Last week on the blog, we described ways in which some individuals spiritually abuse their partners. But spiritual abuse is not simply an issue between couples— institutional spiritual abuse can occur within any faith-based or religious organization. It can happen at the hands of leaders of organizations or within their congregation between members of community or accountability groups, Bible studies, spiritual, discipleship, or pastoral counseling relationships.
Ideally, spiritual institutions should be a safe haven for victims where abuse is not tolerated in any form. Church, religious and spiritual leaders and their organizations often provide, or are perceived to provide, a place for victims to feel safe, find solace, and receive physical, spiritual, and emotional support. Yet, many times, when victims courageously seek help from their faith-based community, they experience Double Abuse® in the form of spiritual abuse.
Institutional spiritual abuse can occur when a leader uses their “spiritual position to control or dominate another person. It often involves overriding the feelings and opinions of another, without regard to what will result in the other person’s state of living, emotions or spiritual well-being. . . . Power is used to bolster the ideals or needs of a leader, over and above one who comes to them in need.”(1) This form of abuse can happen when a person in a position of spiritual authority uses that position to compromise or undermine individuals seeking help. A hierarchical attitude can be used to covertly dominate or promote the advancement of the institution’s or leader’s agenda, personal prestige, or to prevent public disclosure of problems existing within the organization.
At The M3ND Project, we have heard of many instances of institutional spiritual abuse as a form of Double Abuse® by (faith-based leaders and supporters) at the point of a victim’s disclosure and throughout their healing journey. When spiritual leaders mishandle the victim’s disclosure of abuse, they cause further harm to the victim, exacerbate their trauma and give more power to the abuser.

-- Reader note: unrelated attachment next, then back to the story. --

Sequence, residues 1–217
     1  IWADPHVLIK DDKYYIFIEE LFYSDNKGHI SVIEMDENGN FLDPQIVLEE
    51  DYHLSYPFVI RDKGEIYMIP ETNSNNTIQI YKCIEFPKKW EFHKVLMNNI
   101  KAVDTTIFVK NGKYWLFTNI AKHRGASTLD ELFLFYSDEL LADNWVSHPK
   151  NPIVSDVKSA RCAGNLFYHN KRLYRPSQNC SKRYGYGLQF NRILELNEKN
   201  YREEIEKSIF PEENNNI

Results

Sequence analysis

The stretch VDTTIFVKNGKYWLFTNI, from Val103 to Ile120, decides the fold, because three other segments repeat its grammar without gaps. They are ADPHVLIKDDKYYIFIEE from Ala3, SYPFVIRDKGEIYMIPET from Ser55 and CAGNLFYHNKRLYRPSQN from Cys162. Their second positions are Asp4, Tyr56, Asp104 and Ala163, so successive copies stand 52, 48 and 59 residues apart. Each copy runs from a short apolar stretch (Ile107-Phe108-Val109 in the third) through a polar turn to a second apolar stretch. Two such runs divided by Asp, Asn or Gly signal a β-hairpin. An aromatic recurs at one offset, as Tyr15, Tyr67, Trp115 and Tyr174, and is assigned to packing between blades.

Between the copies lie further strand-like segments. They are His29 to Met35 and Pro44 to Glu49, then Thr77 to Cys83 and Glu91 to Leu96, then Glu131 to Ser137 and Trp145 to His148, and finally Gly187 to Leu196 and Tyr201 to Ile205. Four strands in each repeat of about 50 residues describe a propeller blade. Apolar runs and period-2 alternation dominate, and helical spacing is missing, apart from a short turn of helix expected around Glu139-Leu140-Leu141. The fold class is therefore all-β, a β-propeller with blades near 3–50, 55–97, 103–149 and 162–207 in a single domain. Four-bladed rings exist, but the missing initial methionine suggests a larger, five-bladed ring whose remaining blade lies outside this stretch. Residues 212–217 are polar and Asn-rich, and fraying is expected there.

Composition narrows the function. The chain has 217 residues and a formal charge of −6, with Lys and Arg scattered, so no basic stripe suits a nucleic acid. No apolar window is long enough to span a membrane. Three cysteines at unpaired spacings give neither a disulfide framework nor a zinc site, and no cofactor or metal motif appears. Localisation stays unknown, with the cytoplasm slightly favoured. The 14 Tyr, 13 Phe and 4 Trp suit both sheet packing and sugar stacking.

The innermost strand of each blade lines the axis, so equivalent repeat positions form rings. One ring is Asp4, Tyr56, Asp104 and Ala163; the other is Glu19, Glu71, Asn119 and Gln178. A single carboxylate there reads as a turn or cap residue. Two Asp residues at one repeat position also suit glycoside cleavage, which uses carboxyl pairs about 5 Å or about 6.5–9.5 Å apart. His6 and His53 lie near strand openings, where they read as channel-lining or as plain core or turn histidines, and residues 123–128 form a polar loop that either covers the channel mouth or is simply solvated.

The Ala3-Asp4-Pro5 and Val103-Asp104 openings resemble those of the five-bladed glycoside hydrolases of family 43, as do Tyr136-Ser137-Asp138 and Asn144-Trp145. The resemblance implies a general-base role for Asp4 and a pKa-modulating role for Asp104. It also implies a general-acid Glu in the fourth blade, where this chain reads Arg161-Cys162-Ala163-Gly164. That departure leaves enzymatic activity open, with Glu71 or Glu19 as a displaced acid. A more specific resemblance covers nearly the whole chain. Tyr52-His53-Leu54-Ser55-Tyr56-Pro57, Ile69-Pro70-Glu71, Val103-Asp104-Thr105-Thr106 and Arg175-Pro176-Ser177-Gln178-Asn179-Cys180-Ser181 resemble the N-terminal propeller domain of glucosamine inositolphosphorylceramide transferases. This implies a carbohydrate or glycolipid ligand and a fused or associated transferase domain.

For many victims, the pain they endure when spiritually abused by religious leaders can pierce much deeper than other sources of pain. This form of abuse is particularly complicated for victims to identify because the spiritual abusers are people in whom they have placed incredible trust and whom they expect will lead and help them to do what is right. Spiritual abuse can push victims into deeper oppression and self doubt. They never imagine their pastor or other spiritual leaders would exploit the tenets of their faith in order to coerce or compel certain behavior in the victim that makes everyone but the victim feel better or sanitizes appearances especially when the abuser is a member of the institution’s staff, volunteer teams or a significant donor.
Most often, harming victims is not the primary desire of the spiritual leader. Regardless, whether inadvertent or intentional, the harm is real and damaging. Through The M3ND Project’s work training first responders, we have come to understand that most religious leaders want to help those who are harmed as well as those who do harm, but they often don’t have the proper resources or training to know how to respond in a healthy way.. It’s crucial to become educated about how spiritual abuse happens in institutional settings to avoid its recurrence. This information is equally vital for victims, as it provides some tangible boundaries so they know what to expect and what to refuse when seeking help for their situation.
Here are some of the most common and problematic ways that spiritual institutions abuse survivors and those who harm them: